An oilfield chemical company has filed a lawsuit against its former senior vice president of sales and the company he now works for, alleging that they violated agreements by soliciting clients and employees and stealing proprietary information related to salt water disposal.
Caesars urged a Texas federal court on Friday to dismiss it from TravelPass's suit accusing leading hotel chains of conspiring not to compete for search terms, arguing that the only alleged evidence connecting it to the scheme does not exist.
A New Jersey federal judge has given preliminary approval to a nearly $8 million settlement from three chemical companies seeking to end claims in multidistrict litigation that they have colluded to inflate the price of a water treatment chemical.
The U.S. Department of Justice may have OK'd T-Mobile and Sprint's $56 billion merger last week, but that clearance has only drawn new battle lines for a coming clash with more than a dozen Democratic state attorneys general. Here, Law360 maps out those lines.
A government contractor that manufactures helicopter helmets wasn't able to convince the Third Circuit to revive its antitrust suit over misinformation spread about its products by a rival, as the panel concluded Monday that no direct harm could be traced back to the competitor's actions.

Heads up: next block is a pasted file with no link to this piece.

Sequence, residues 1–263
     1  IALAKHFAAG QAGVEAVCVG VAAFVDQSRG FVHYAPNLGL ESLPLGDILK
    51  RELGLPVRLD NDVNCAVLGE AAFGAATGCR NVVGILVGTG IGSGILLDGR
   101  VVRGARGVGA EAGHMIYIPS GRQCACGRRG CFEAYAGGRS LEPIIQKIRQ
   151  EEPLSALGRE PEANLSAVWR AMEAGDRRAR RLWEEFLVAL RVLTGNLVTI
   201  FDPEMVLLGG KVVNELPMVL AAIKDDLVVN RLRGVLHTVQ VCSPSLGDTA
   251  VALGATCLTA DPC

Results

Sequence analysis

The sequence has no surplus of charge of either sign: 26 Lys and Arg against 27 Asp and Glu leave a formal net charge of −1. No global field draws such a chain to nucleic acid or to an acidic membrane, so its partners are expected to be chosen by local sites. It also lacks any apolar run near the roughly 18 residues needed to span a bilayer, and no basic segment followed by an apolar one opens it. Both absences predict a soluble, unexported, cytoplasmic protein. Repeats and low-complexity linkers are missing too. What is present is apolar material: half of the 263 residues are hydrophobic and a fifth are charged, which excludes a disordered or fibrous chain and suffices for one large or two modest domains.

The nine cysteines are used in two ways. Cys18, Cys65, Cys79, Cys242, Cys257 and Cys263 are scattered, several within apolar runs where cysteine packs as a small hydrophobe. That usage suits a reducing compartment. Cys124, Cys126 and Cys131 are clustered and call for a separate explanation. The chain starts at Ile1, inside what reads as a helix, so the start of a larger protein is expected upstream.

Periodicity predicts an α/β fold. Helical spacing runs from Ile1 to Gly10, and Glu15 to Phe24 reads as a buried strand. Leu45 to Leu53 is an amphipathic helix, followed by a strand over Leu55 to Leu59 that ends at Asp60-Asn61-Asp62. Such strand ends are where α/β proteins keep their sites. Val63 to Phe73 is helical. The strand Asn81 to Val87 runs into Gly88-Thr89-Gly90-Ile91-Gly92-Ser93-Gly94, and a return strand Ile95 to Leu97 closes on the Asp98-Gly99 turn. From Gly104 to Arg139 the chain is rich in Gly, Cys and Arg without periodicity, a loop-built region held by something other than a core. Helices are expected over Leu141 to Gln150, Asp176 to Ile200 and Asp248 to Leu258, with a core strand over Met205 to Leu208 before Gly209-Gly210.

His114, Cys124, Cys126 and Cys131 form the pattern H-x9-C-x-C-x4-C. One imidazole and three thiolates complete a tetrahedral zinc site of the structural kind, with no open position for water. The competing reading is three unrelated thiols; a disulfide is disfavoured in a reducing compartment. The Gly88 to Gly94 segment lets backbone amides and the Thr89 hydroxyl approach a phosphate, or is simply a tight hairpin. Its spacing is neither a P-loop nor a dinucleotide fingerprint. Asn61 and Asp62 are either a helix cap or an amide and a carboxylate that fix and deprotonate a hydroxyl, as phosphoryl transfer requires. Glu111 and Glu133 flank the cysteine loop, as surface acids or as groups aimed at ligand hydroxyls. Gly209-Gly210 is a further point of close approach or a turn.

The European Commission has cleared The Carlyle Group’s plan to buy a minority stake worth up to $4.8 billion in energy business Compañía Española de Petróleos SAU, a deal that was steered by Allen & Overy, Linklaters, Latham & Watkins and Ropes & Gray.
Bayer HealthCare is hatching illegal deals with retailers and distributors to keep generic tick and flea medications from encroaching on its territory and owes a generic pet medication maker $114 million for its trouble, a California federal court heard Friday.
House lawmakers unveiled legislation Friday aimed at lowering prescription drug prices by streamlining the patent process for biosimilars to quickly enter the market.
Heritage Pharmaceuticals told a Pennsylvania federal court Friday that an email it turned over to Connecticut's attorney general that was later used in the sprawling generic drug price-fixing litigation is privileged and should have been treated as confidential.